Crunchy carrots and fluffy bread – It’s all about the structurePosted: October 3, 2013
By Li Day, Research Group Leader, CSIRO Animal, Food and Health Sciences
It’s a food’s structure that gives a carrot its crunch and a loaf of bread its fluffiness, and researchers increasingly believe that many of a food’s key properties relate to its structure.
Nature is able to assemble sophisticated structures and food is no exception, even right down to the microscopic scale. Food components such as protein, carbohydrate, fat and minor ingredients, when mixed, organise into a range of structures, and its becoming clear that many properties key to a food’s processability, nutritional and sensory qualities, and safety are related to its structure.
Plants are structured like honeycomb, called ‘cell wall’ structure. The video below clearly shows the defined cell walls in raw carrot – that’s why it’s crunchy!
A scanning laser confocal microscope video in 3D showing the defined cell wall structure of raw carrot (Video: Sofia Oeseth)
Most foods have a ‘fluffy’ foam structure that forms when air bubbles are incorporated into a liquid, like bread, ice cream and meringue. The microscopic image below shows dough with air bubbles (black), gluten (yellow), starch granules (green) and protein (red).
Then there are suspensions, which are a bit like oceans, with a sea of solid particles (the ingredients) suspended within a major component that is a liquid (quite often water). Think tomato paste, fruit juices and some sauces and soups.
The next microscopic image shows a suspension in 3D of cooked pumpkin in water. Notice how round the pumpkin cells are – that’s why pumpkin soup feels so smooth and creamy when we’re eating it.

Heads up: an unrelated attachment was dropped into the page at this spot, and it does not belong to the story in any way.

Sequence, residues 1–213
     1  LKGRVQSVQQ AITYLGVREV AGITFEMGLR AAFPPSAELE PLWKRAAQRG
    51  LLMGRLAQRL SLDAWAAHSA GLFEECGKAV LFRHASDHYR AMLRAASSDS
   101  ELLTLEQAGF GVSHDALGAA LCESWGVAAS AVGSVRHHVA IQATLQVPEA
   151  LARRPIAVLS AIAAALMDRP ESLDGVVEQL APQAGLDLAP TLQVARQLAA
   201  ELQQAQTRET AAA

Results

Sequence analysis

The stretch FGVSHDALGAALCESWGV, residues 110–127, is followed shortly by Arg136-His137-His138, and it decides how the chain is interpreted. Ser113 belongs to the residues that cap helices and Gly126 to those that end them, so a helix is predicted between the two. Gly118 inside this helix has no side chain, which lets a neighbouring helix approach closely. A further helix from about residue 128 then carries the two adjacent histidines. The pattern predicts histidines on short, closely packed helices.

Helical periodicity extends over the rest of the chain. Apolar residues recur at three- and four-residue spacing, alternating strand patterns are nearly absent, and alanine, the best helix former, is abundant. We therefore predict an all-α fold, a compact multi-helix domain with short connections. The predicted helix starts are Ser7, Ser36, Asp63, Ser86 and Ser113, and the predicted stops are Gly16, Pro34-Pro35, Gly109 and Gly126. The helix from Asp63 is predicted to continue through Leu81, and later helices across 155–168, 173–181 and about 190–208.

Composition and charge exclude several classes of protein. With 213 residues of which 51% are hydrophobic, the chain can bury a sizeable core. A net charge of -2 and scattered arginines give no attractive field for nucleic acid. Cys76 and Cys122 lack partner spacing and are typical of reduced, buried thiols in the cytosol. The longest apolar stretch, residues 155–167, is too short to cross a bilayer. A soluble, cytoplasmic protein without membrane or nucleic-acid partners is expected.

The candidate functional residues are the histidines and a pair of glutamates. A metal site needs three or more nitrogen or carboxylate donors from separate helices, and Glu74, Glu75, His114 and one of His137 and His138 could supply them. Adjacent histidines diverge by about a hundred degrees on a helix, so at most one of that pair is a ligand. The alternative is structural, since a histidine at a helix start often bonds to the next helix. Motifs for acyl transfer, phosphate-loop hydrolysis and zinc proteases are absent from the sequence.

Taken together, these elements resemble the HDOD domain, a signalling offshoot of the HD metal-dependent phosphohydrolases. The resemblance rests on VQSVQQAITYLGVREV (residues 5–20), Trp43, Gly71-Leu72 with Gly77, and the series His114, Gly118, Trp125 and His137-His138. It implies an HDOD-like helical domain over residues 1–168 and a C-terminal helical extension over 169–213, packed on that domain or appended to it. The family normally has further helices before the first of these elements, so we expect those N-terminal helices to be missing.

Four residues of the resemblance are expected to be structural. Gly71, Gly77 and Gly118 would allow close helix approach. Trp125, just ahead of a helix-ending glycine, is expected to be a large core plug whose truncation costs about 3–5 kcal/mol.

Colloids, which have microscopic particles dispersed through another substance, are another type of structure. Milk is an emulsified colloid of liquid butterfat dispersed in a water-based solution. The third microscopic image is of milk, and the red dots are drops of fat dispersed throughout the liquid whey (black).
There are other structure types as well – solutions, emulsions and gels, which all behave differently to each other.
The structure of a food affects the way we chew it, how it breaks down in our mouths and our perception of its texture and flavour. And because each structure also breaks down differently in our digestive system, the release and bioavailability of small molecules such as minerals, vitamins and polyphenols is also different.
Because of all these factors, food structures are increasingly being recognised as important in technology innovation for the development of healthier foods.
And as there is increasing awareness that structure has a significant effect on the bio-availability of nutrients, the focus of developing nutritional guidelines is shifting away from the traditional approach of simply assessing the nutrient composition of foods.
CSIRO is hosting the Food Structures, Digestion and Health Conference on 21 – 24 October, which will discuss the role of structure in designing foods for nutrition and wellbeing.